ITSpatial was strong and knew a lot about sales and business development. They were phenomenal sales people. I will always be amazed at how effortlessly they were able to get potential clients in the building, looking at demos – 3 or 4 times a week some weeks. They really were devoted to finding and wooing clients. This is a skill I’ve still got a long way to go on. I guess in some ways I’m still 100% a programmer at heart:)

In 2005 I broke away and this time started my own company Eureka 3D, Inc. I’m more of a hired gun/contractor with the luck to have access to a lot of other proven hired gun contractors. Eureka 3D has worked on entertainment 3D, GIS and I’ve really boned up on my web programming skills in the last two years. Deep down inside I’m still wanting to get back “into the game” and sink my teeth into that big 2 year development project. Right now my pipeline is very full and I really am enjoying what I’m doing – so no complaints!

Here we are in 2007. What have I learned from the game and serious game industry after all these years? So much… I’ve worked with top-notch programmers, others who couldn’t program their way out of a paper bag; I’ve worked with great artists, and a young up and coming project manager who was one of the sharpest guys I’ve ever met. I’ve worked with some truly genius biz-dev types that knew how to sell and pitch to clients. In 24 years every theory on project management for software/hardware/games has been debated, turned over and debated again much to my chagrin. I’ve seen every element of the business from pitching the contracts, building proof of concepts to final testing and delivery/deployment/distribution. I’ve learned a thing or two about politics and how important it is to avoid if at al possible. I’ve literally seen programmers in drop-down, drag out fights (visiting programmers from another company no less!). Religious wars over version control systems, graphics api’s, and taking on the latest new technology – been there, seen that.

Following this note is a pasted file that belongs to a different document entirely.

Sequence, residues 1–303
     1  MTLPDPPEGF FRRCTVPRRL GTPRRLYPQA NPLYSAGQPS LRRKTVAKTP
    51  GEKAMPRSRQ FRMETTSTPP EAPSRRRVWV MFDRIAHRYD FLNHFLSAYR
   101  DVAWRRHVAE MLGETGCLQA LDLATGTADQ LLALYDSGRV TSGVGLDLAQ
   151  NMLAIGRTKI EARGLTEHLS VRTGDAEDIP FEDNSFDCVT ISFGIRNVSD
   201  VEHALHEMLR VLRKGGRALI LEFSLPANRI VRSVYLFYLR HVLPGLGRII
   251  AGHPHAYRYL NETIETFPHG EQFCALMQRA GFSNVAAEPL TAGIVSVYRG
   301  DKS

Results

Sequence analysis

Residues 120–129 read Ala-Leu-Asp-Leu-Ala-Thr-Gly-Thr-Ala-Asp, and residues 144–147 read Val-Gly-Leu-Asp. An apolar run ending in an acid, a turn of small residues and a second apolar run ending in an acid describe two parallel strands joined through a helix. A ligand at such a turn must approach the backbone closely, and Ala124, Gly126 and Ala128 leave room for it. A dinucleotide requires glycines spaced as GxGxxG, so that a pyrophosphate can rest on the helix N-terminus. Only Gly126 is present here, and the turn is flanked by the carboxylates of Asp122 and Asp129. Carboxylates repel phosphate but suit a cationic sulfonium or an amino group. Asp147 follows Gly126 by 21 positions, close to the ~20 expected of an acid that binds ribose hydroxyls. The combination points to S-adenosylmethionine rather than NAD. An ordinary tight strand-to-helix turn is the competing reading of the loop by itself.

The main thing I’ve learned however is that I thrive on the high-intensity, creative, ingenious environment that games and serious games involve. Finding a team that works well together, or a few truly brilliant individuals makes it all so worth while. I know I want to keep raising the bar and never lose the adventure. Because in the end it’s about the product, the team, and the experience. What an amazing 24 years it’s been!

The Top 10 Attributes of a Great Programmer

With all the latest attention again on what does and doesn’t make a good programmer, I couldn’t help but put together my own top 10 list.

  1. Being a great problem solver.
  2. Being driven and lazy at the same time.
  3. Ability to understand other people’s code
  4. Having a passion for programming
  5. Loving learning for the sake of learning
  6. Being good at math
  7. Having good communications skills
  8. Strong debating skills
  9. Extreme optimism
  10. Extreme pessimism